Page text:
Small Changes That Can Make a Big Difference to Your North Carolina Workers’ Compensation Journey

November 16, 2011, by Michael A. DeMayo

In a recent blog post, we discussed how many beneficiaries (or would-be beneficiaries) on North Carolina workers’ compensation struggle with setbacks in multiple arenas, including medical, financial, emotional, logistical, and social.

To manage these setbacks, you might find it helpful to adopt proven strategies and tactics to keep yourself better organized, more in control of your life, more relaxed, and more resilient.

This blog post cannot cover every positive behavior or beneficial scheduling strategy. However, it hopefully can encourage you to take the process of self improvement more seriously. Here are a few small but effective “good habits” to inculcate to relieve the stress of your North Carolina workers’ compensation journey.

• Get into the habit of keeping your e-mail inbox “at zero” – try out productivity guru David Allen’s GTD system for controlling e-mail (see link at the bottom of the page).

• Spend more time and energy thinking through your problems instead of acting impulsively to solve them. Do the mental work of clarifying an ideal outcome, assessing your “on the ground reality,” and brainstorming ideas to move from your present reality to your idealized future in an effective, sure-fire, cheap, and easy way. In other words, seek to break out of the habit of “acting before thinking.”

• Seek help and outside input. It’s often very difficult for victims of workplace injuries or accidents to ask for help, because victims already feel like their pride and autonomy have been compromised. Consciously break through that barrier and get help from friends, colleagues, family members, and outside resources, like a competent North Carolina workers’ compensation law firm.

• Test “catastrophic thinking.” When we get hurt or injured – when our welfare, health, social status, etc., are threatened by events or by other people – we have a tendency to imagine worst-case, catastrophic outcomes. This is a normal, human thinking, and it’s not necessarily deleterious. In fact, it can be helpful to be vigilant, depending on the situation. However, we always want to test the reality of our thoughts – especially thoughts that agitate us, keep us from sleeping, or scare us into spending hours on the Internet searching for a description and diagnosis of our symptoms.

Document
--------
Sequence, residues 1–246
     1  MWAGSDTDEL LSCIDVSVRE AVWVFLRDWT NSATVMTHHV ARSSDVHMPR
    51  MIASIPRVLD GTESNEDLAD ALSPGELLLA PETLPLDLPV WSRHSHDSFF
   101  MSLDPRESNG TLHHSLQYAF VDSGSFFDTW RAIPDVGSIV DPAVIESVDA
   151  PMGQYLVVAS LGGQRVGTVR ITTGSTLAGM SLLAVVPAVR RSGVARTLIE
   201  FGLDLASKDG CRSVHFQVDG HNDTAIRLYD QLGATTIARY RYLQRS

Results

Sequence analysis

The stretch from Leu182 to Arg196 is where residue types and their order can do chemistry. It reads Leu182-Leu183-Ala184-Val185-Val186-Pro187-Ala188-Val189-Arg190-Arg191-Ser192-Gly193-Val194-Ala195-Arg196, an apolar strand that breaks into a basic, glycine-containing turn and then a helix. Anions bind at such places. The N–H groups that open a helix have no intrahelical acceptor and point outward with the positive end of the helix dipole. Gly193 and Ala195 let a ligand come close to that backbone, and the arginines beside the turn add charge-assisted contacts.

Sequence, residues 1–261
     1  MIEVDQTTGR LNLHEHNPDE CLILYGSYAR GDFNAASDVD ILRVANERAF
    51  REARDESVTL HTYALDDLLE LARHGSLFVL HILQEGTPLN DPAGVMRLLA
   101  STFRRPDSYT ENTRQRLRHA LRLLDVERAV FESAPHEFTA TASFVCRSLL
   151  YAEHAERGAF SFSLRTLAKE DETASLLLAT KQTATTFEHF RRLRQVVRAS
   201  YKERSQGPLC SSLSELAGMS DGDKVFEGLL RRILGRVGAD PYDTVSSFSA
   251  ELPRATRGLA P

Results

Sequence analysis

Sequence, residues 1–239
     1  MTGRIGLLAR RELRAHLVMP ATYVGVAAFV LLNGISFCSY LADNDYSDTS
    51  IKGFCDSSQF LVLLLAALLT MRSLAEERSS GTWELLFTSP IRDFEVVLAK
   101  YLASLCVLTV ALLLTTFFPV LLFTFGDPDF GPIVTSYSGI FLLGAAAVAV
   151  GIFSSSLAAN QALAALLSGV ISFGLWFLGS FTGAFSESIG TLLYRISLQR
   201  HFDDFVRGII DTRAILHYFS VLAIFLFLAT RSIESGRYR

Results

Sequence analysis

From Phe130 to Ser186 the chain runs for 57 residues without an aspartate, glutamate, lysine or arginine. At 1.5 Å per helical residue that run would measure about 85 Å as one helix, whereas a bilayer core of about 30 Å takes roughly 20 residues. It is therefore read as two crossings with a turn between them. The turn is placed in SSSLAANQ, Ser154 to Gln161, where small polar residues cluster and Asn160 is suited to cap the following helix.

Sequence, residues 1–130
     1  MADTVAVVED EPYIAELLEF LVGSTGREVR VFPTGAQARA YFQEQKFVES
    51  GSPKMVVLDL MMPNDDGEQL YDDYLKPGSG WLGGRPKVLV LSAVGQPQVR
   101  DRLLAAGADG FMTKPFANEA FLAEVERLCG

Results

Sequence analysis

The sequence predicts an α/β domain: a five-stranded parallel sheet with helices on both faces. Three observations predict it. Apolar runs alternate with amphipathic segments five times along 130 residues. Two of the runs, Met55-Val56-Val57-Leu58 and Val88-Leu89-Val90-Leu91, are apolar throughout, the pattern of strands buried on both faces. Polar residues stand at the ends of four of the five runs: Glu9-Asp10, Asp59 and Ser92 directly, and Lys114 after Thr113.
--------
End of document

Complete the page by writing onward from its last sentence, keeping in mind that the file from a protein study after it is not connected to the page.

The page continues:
• Thinking realistically is different from being a pollyanna. You don’t want to ignore dangerous symptoms, be they indicators of medical, financial, or psychological problems. On the other hand, we also want to detach our emotions and fears from our thoughts and seek to see them with a clear, objective lens.

• How do you cultivate this kind of clear-headed thinking? Some experts recommend engaging in daily meditative practice, such as mindful mediation, concentrated prayer, or some other exercise that enhances focus and helps you avoid getting sucked up into catastrophic thinking.

More Web Resources:

The Perils of Catastrophic Thinking

David Allen’s System for Controlling E-mail